As we focus on police violence, we cannot ignore an even starker indication of our societal failures: Racial income disparities today look no different than they did the decade before King’s March on Washington.
In 1950, according to a forthcoming study by the economists Moritz Schularick, Moritz Kuhn and Ulrike Steins in The Journal of Political Economy, black median household income was about half that of white Americans, and today it remains so. More critical, the racial wealth gap is about the same as it was in the 1950s as well. The typical black household today is poorer than 80 percent of white households. “No progress has been made over the past 70 years in reducing income and wealth inequalities between black and white households,” according to the study.
And yet most Americans are in an almost pathological denial about the depth of black financial struggle. That 2019 Yale University study, called “The Misperception of Racial Economic Inequality,” found that Americans believe that black households hold $90 in wealth for every $100 held by white households. The actual amount is $10.
About 97 percent of study participants overestimated black-white wealth equality, and most assumed that highly educated, high-income black households were the most likely to achieve economic parity with white counterparts. That is also wrong. The magnitude of the wealth gap only widens as black people earn more income.
“These data suggest that Americans are largely unaware of the striking persistence of racial economic inequality in the United States,” the study’s authors write. Americans, they write, tend to explain away or justify persistent racial inequality by ignoring the “tailwinds that have contributed to their economic success while justifying inequalities of wealth and poverty by invoking the role of individuals’ traits and skills as explanations for these disparities.” They use the exceptional examples of very successful black people to prove that systemic racism does not hold black Americans back and point to the large numbers of impoverished black people as evidence that black people are largely responsible for their own struggles.
The study shows that the racial wealth gap is not about poverty. Poor white families earning less than $27,000 a year hold nearly the same amount of wealth as black families earning between $48,000 and $76,000 annually. It’s not because of black spending habits. Black Americans have lower incomes over all but save at a slightly higher rate than white Americans with similar incomes. It’s not that black people need to value education more. Black parents, when controlling for household type and socioeconomic status, actually offer more financial support for their children’s higher education than white parents do, according to the study. And some studies have shown that black youths, when compared with white youths whose parents have similar incomes and education levels, are actually more likely to go to college and earn additional credentials.
But probably most astounding to many Americans is that college simply does not pay off for black Americans the way it does for other groups. Black college graduates are about as likely to be unemployed as white Americans with a high school diploma, and black Americans with a college education hold less wealth than white Americans who have not even completed high school. Further, because black families hold almost no wealth to begin with, black students are the most likely to borrow money to pay for college and then to borrow more. That debt, in turn, means that black students cannot start saving immediately upon graduation like their less-debt-burdened peers.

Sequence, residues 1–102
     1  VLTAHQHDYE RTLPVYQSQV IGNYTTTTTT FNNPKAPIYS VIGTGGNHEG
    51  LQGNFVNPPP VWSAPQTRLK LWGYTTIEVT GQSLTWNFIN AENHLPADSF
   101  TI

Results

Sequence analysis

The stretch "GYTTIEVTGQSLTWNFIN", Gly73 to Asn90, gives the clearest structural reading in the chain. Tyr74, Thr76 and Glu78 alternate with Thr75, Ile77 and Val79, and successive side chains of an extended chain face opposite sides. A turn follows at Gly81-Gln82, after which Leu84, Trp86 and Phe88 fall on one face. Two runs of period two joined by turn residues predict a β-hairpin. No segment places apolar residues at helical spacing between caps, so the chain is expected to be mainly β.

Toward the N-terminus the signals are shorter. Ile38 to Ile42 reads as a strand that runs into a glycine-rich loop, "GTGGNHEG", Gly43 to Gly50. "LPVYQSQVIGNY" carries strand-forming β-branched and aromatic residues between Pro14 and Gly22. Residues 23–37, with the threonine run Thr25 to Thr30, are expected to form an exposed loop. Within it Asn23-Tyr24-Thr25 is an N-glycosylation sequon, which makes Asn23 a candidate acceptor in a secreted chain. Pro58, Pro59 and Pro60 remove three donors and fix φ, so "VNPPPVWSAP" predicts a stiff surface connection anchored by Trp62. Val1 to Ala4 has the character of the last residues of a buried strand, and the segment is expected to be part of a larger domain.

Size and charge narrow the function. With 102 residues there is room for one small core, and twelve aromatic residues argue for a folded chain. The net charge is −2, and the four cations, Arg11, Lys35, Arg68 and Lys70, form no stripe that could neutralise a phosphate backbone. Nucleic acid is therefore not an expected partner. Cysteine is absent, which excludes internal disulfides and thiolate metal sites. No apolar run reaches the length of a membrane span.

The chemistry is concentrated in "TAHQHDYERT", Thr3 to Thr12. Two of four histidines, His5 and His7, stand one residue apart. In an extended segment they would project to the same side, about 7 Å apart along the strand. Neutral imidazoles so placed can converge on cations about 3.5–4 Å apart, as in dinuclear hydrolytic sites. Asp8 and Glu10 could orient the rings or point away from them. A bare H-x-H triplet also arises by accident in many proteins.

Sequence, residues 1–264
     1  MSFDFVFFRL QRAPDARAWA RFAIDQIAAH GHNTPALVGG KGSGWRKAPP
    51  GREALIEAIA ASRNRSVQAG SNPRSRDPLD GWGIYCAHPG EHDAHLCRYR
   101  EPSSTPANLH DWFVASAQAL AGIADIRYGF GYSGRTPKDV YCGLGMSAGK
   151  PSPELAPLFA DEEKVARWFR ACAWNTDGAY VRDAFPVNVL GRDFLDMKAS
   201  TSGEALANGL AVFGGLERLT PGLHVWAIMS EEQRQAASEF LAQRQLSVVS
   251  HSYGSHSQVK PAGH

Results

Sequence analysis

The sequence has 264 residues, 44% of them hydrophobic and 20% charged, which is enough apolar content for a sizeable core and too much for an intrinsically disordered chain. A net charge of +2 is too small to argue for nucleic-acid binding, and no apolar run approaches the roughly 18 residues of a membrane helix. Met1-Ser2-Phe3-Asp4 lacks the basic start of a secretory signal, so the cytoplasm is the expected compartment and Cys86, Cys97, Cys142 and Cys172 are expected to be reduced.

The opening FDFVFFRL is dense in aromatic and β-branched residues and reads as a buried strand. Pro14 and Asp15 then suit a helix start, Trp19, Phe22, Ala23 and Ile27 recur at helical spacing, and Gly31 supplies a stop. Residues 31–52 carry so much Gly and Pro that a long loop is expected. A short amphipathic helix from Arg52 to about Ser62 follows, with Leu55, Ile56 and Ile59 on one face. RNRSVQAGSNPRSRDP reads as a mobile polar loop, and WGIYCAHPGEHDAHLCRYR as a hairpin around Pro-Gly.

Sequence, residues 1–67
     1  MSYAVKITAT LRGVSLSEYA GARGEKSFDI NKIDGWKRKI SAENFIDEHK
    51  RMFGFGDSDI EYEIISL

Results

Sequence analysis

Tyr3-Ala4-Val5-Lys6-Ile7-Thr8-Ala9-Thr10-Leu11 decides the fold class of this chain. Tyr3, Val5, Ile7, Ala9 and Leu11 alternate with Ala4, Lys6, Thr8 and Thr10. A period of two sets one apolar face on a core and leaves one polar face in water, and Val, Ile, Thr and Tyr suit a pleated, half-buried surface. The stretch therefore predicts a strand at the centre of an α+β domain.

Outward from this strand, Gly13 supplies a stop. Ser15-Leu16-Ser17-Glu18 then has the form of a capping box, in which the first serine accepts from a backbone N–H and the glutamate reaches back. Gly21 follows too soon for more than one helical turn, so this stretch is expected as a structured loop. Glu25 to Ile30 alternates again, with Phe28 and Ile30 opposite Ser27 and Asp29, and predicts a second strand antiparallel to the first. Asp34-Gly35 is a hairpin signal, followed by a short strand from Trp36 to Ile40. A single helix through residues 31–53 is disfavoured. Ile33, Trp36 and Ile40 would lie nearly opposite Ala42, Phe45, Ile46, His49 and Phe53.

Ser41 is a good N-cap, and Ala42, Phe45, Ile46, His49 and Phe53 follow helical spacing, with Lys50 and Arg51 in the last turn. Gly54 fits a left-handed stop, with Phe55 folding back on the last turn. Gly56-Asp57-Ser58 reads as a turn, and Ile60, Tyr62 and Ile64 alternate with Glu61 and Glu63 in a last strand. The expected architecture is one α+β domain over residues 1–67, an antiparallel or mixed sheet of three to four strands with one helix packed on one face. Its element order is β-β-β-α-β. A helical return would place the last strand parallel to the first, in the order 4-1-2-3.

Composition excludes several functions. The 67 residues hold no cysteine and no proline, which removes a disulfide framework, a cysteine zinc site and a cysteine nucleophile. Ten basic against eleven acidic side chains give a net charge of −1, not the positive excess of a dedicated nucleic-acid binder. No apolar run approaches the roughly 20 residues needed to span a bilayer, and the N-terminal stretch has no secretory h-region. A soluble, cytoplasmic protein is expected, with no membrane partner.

It’s not a lack of home ownership. While it’s true that black Americans have the lowest home ownership rates in the nation, simply owning a home is not the same asset that it is for white Americans. Black Americans get higher mortgage rates even with equal credit worthiness, and homes in black neighborhoods do not appreciate at the same rate as those in white areas, because housing prices are still driven by the racial makeup of communities. As the Duke University economist William Darity Jr., the study’s lead author, points out, the ability to purchase a home in the first place is seldom a result of just the hard work and frugality of the buyer. “It’s actually parental and grandparental wealth that facilitates the acquisition of a home.”
It’s not because a majority of black families are led by a single mother. White single women with children hold the same amount of wealth as single black women with no children, and the typical white single parent has twice the wealth of the typical two-parent black family.
To summarize, none of the actions we are told black people must take if they want to “lift themselves” out of poverty and gain financial stability — not marrying, not getting educated, not saving more, not owning a home — can mitigate 400 years of racialized plundering. Wealth begets wealth, and white Americans have had centuries of government assistance to accumulate wealth, while the government has for the vast history of this country worked against black Americans doing the same.
“The cause of the gap must be found in the structural characteristics of the American economy, heavily infused at every point with both an inheritance of racism and the ongoing authority of white supremacy,” the authors of the Duke study write. “There are no actions that black Americans can take unilaterally that will have much of an effect on reducing the wealth gap. For the gap to be closed, America must undergo a vast social transformation produced by the adoption of bold national policies.”
If true justice and equality are ever to be achieved, our country must finally take seriously what it owes black people.
Source: NY Times